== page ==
What's the Best Treatment Modality for Resectable Stomach Cancer?

By Reuters Staff

December 29, 2021

NEW YORK (Reuters Health) - For resectable gastric cancer, neoadjuvant chemoradiation may be better than other treatment modalities for achieving pathologic complete response (pCR) and treatment with any chemotherapy may provide the biggest survival benefit, according to a new analysis.

"Treatment of resectable gastric cancer uses a multimodal approach, including surgical treatment and chemotherapy with or without radiation therapy, and the optimal treatment strategy and timing of each of these modalities is unknown," researchers note in JAMA Network Open.

To investigate, Dr. Jun Gong with Cedars-Sinai Medical Center, in Los Angeles, and colleagues used the National Cancer Database to do a comparative effectiveness analysis of various neoadjuvant and adjuvant treatment modalities in more than 3,000 patients with resectable gastric cancer.

They created nine treatment groups: neoadjuvant chemoradiation (nCRT) only, neoadjuvant chemotherapy only, adjuvant chemotherapy (aCT) only, adjuvant chemoradiation (aCRT) only, neoadjuvant chemotherapy and adjuvant radiation, chemotherapy with timing unknown (CTTU), chemoradiation therapy with timing unknown, radiation therapy with timing unknown (RTTU), and no perioperative therapy (NT).

In multivariable analyses, nCRT had the highest pCR rate (odds ratio, 59.6; P<0.001) compared with NT, followed by RTTU (OR, 30.0; P=0.004).

CTTU was associated with the greatest reduction in overall risk of death compared with NT (hazard ratio, 0.41; P< 0.001), followed by nCRT (HR, 0.48; P<0.001).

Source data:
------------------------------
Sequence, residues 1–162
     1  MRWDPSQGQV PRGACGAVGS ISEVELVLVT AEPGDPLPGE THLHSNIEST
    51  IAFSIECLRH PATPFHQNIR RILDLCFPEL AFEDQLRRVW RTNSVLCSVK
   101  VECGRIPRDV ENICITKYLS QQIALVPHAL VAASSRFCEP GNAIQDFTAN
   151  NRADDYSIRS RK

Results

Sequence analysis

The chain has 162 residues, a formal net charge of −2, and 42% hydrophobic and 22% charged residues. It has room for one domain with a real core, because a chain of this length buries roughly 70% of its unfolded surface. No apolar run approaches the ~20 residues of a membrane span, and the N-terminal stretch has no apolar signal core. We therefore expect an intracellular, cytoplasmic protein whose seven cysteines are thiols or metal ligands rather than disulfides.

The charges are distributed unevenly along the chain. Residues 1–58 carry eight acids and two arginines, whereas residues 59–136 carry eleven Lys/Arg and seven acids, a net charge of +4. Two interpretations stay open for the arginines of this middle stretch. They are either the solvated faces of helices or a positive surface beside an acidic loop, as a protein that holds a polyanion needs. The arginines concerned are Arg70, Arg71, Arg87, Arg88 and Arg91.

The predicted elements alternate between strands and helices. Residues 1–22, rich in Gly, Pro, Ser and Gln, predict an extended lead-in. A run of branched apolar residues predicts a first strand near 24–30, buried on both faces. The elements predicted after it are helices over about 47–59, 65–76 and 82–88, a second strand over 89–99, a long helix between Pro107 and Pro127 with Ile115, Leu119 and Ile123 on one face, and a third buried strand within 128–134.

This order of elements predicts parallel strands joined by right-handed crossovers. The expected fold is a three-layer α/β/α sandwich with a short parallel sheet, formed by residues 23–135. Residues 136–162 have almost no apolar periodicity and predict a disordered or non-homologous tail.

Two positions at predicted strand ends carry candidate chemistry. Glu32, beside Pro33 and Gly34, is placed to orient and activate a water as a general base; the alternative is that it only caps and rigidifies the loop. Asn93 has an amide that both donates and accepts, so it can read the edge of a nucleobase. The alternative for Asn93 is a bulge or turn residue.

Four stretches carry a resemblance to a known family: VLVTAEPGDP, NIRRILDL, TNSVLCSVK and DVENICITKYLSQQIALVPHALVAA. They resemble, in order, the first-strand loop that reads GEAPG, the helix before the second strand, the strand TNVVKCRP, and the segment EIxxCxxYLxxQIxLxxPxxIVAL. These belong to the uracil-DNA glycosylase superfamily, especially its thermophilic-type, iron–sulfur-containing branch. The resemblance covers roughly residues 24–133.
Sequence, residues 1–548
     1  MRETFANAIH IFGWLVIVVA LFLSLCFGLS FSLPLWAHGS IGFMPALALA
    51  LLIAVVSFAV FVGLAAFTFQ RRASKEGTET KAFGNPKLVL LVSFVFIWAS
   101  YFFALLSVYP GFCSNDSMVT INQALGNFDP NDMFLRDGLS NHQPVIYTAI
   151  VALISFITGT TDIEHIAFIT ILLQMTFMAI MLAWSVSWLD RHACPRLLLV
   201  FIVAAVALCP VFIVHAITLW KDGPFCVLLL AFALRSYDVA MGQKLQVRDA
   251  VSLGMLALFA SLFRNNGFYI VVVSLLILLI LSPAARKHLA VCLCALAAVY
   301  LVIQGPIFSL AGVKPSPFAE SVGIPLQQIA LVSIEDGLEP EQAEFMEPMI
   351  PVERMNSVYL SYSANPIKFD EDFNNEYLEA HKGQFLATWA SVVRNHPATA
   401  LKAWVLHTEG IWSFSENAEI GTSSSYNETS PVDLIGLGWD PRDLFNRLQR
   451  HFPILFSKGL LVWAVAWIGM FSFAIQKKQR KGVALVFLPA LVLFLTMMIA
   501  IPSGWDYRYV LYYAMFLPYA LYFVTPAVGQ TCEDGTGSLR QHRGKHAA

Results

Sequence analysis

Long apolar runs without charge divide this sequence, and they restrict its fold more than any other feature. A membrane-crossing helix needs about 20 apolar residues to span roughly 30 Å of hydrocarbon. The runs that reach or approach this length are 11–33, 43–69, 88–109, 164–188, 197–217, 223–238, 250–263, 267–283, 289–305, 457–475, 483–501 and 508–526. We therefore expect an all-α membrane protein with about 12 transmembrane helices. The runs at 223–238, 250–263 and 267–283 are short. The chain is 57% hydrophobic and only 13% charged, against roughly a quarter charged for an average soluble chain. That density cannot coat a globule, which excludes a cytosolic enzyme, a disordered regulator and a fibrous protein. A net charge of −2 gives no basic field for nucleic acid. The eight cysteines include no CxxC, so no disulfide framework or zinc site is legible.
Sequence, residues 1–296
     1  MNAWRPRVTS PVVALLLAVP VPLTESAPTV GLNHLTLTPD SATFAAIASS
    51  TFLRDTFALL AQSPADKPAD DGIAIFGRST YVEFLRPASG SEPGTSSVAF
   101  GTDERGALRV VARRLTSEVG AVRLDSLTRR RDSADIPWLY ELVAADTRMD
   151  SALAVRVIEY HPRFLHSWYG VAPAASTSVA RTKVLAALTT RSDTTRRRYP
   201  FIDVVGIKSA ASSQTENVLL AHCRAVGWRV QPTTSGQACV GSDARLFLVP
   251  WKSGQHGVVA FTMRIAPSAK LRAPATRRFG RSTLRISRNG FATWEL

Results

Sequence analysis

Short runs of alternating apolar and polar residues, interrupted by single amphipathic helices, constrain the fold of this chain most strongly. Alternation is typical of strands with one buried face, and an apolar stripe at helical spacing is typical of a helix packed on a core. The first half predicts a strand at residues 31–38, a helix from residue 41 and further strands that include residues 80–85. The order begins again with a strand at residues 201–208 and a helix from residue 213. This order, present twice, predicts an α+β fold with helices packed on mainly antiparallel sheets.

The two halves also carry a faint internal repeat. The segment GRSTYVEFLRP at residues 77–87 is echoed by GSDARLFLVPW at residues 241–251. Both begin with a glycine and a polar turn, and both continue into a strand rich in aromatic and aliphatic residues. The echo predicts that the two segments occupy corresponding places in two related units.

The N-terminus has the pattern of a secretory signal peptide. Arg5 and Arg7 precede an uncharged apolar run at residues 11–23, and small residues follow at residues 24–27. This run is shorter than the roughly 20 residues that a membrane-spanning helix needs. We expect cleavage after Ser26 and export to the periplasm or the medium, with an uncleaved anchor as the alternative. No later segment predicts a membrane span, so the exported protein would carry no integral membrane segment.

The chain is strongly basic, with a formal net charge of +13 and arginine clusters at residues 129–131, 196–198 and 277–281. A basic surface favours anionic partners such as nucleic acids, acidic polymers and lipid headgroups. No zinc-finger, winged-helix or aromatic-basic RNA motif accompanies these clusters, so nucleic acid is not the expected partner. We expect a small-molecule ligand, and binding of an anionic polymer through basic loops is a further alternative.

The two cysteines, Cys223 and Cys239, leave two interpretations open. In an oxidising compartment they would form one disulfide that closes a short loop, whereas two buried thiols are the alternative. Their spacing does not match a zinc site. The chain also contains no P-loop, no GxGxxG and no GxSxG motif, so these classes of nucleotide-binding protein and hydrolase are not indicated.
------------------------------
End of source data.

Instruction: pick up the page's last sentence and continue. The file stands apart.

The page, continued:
Median overall survival was greatest among patients treated with CTTU (53.9 months), followed by nCRT (39.1 months) and aCT (36.1 months).

Two-year overall-survival rates were 65.6% for CTTU, 63.6% for nCRT, and 59.7% for aCT.

The researchers say that, to their knowledge, this study is the first to compare the effectiveness of the various treatment modalities for resectable gastric cancer by using a modality-by-modality approach.

The findings point to the "importance of chemotherapy (including neoadjuvant and adjuvant therapy) as the standard of treatment in the multimodal approach" for these patients based on the association of chemotherapy with increased overall survival, they say.

The study had no specific funding.

SOURCE: https://bit.ly/3ILPtTx JAMA Network Open, online December 10, 2021.

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